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A new paper from Brubaker and Udell (2022) has found that the parenting style of the owner[s] can predict certain dog behaviours.
Variations in parenting styles and parent–child relationship qualities are long-standing research topics in human developmental and family psychology. Parenting styles and choices are known to influence the way that children develop and grow. Parenting styles can include authoritative, authoritarian, attachment, permissive, free range, helicopter, and uninvolved/neglectful.
For example, authoritative parents will set boundaries, have rules and apply consequences, but also take their children’s opinions into account and validate their feelings. For example, the child may want their pudding before they have eaten all their dinner; the parent suggests they have 3 more mouthfuls before the child can have their pudding – this sets a deal that they both think is fair.
Authoritative parents invest time and energy into preventing behaviour problems before they start. They also use positive strategies to reinforce positive behaviour, like praise and reward systems. Researchers have found children who have authoritative parents (not authoritarian which is completely different) are most likely to become secure, responsible adults who feel comfortable self-advocating and expressing their opinions and feelings.
Over the years, research has shown there are similarities between parent-child relationships to those of owner-pet relationships (Horn et al., 2013; Konak et al., 2015; Gábor et al., 2021), as well as the impact different training and handling methods can have on the dog’s future behaviour (Ziv, 2017). This new study highlights how we ‘parent’ our dog can have impact on the kind of dog he or she grows up to be. For example, an owner who’s highly responsive to their dog’s behaviour and needs tends to lead to a more social, secure, and smart canine.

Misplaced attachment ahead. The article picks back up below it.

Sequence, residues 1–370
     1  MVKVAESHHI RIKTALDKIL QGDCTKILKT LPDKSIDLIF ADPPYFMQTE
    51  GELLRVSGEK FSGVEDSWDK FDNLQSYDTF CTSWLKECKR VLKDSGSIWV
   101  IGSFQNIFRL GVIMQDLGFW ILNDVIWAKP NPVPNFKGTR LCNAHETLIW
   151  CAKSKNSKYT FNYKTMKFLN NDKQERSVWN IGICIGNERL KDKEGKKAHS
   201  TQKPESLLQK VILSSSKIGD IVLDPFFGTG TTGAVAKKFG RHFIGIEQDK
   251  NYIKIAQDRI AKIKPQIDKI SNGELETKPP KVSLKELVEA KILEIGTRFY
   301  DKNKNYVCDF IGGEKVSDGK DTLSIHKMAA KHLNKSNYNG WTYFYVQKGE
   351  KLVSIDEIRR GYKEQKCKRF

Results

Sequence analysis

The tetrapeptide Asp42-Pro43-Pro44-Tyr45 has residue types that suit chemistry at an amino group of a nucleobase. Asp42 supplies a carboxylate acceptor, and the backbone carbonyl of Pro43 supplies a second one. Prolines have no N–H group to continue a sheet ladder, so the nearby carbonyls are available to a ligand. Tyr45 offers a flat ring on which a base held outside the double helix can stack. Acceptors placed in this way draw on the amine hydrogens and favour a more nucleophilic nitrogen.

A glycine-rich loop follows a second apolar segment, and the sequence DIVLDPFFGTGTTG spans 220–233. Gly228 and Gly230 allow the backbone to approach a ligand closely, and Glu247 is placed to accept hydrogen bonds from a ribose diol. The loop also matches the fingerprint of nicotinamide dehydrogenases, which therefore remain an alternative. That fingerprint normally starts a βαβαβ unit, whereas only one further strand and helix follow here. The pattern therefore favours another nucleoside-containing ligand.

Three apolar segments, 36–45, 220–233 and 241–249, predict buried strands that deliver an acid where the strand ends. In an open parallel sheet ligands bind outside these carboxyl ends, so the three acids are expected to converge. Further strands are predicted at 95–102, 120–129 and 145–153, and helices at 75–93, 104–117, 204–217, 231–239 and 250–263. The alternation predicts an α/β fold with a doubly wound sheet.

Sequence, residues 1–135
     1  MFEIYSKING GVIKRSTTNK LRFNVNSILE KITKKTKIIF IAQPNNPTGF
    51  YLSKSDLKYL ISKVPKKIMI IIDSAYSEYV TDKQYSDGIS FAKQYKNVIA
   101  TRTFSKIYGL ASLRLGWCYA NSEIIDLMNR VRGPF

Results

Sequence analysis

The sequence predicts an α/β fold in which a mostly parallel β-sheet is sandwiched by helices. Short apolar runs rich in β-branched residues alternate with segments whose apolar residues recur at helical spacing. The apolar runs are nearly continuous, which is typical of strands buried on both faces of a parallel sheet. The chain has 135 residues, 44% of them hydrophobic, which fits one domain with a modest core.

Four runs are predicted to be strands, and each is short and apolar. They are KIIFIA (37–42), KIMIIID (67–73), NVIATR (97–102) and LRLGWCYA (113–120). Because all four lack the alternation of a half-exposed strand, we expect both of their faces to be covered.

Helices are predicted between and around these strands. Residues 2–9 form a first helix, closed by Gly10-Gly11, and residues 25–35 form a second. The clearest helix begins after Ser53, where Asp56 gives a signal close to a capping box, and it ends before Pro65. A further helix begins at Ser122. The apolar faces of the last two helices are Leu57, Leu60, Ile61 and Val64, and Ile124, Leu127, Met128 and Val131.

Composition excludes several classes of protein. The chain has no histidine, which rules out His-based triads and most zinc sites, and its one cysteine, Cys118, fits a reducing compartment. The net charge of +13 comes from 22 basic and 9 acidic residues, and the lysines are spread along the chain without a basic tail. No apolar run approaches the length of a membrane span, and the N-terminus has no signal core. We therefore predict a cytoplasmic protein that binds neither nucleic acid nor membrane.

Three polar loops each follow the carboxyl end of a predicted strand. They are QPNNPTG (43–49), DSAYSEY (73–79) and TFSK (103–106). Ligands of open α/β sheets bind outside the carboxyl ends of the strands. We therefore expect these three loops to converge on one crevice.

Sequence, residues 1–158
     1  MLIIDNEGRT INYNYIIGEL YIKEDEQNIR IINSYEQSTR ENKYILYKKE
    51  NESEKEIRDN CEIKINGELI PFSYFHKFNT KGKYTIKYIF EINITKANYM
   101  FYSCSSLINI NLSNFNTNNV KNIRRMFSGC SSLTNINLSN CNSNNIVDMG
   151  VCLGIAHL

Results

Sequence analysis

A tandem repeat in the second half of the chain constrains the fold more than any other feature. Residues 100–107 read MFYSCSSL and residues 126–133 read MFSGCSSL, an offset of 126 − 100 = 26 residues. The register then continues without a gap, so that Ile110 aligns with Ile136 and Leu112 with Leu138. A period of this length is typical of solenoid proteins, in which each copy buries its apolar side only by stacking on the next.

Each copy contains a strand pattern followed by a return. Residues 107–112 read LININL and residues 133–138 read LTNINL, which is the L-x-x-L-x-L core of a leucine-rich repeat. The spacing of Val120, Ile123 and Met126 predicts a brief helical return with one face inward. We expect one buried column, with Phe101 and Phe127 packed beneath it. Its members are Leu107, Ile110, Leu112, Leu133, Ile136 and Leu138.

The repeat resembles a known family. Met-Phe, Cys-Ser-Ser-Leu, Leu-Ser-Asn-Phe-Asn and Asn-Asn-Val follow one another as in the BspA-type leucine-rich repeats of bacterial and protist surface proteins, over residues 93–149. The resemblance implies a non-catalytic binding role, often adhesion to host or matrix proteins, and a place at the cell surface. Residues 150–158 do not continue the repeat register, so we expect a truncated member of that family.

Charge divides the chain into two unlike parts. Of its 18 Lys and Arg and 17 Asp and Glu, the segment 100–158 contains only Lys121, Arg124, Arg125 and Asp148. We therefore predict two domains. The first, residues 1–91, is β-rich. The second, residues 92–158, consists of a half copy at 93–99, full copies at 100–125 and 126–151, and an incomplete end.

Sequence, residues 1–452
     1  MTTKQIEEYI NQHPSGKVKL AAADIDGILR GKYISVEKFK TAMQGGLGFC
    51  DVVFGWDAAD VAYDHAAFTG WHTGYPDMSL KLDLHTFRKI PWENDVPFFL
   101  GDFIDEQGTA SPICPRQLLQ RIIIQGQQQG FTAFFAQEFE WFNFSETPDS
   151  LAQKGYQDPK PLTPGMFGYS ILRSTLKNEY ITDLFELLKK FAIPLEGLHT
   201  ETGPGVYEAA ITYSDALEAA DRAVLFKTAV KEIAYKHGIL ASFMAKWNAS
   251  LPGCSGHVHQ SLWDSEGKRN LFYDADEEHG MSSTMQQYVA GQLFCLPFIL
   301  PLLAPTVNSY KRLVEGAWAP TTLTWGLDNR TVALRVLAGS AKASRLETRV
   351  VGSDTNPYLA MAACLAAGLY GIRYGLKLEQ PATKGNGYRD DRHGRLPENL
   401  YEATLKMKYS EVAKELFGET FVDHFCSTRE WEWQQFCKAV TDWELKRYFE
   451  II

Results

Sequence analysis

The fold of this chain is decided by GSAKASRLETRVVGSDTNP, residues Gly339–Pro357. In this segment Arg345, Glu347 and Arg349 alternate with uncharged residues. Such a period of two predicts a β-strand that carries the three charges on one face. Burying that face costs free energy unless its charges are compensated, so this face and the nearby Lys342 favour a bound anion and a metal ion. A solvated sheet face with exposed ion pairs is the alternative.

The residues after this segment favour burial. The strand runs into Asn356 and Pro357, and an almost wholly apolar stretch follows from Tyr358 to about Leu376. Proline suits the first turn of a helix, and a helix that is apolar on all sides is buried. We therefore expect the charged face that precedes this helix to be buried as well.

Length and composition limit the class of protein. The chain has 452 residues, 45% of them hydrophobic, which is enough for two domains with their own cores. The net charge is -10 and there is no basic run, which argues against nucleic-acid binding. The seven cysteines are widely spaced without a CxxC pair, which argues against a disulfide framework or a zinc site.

The study involved 48 dog owners and their pets, asking them to complete a pet parenting style survey before participating in three behavioural tests in the lab. Using the data from the survey, the owners were placed into three categories similar to those used in human parenting research: authoritative (high expectations, high responsiveness), authoritarian (high expectations, low responsiveness) and permissive (low expectations, low responsiveness).
Then three behavioural tests were conducted to assess attachments and interactions between the dogs and their owners; i) how the dog responded to their owner during close interactions, ii) how the dog responded when a stranger and their owner traded places with one another in the testing room and, iii) challenging the dog to get a treat from a puzzle with either no interaction at all or verbal encouragement and gestures from the owner.
Co-author and associate professor at Oregon State, Monique Udell says of their study:
“We found that pet parenting style does predict patterns of dog behavior and cognition…this is an important finding because it suggests that dog owners who take the time to understand and meet their dog’s needs are more likely to end up with secure, resilient dogs.”
This latest research further demonstrates how dog-owner relationships may be functionally and emotionally similar to parent-child relationships, and the critical role an owner’s handling/parenting style plays in the development of their pet’s behaviour.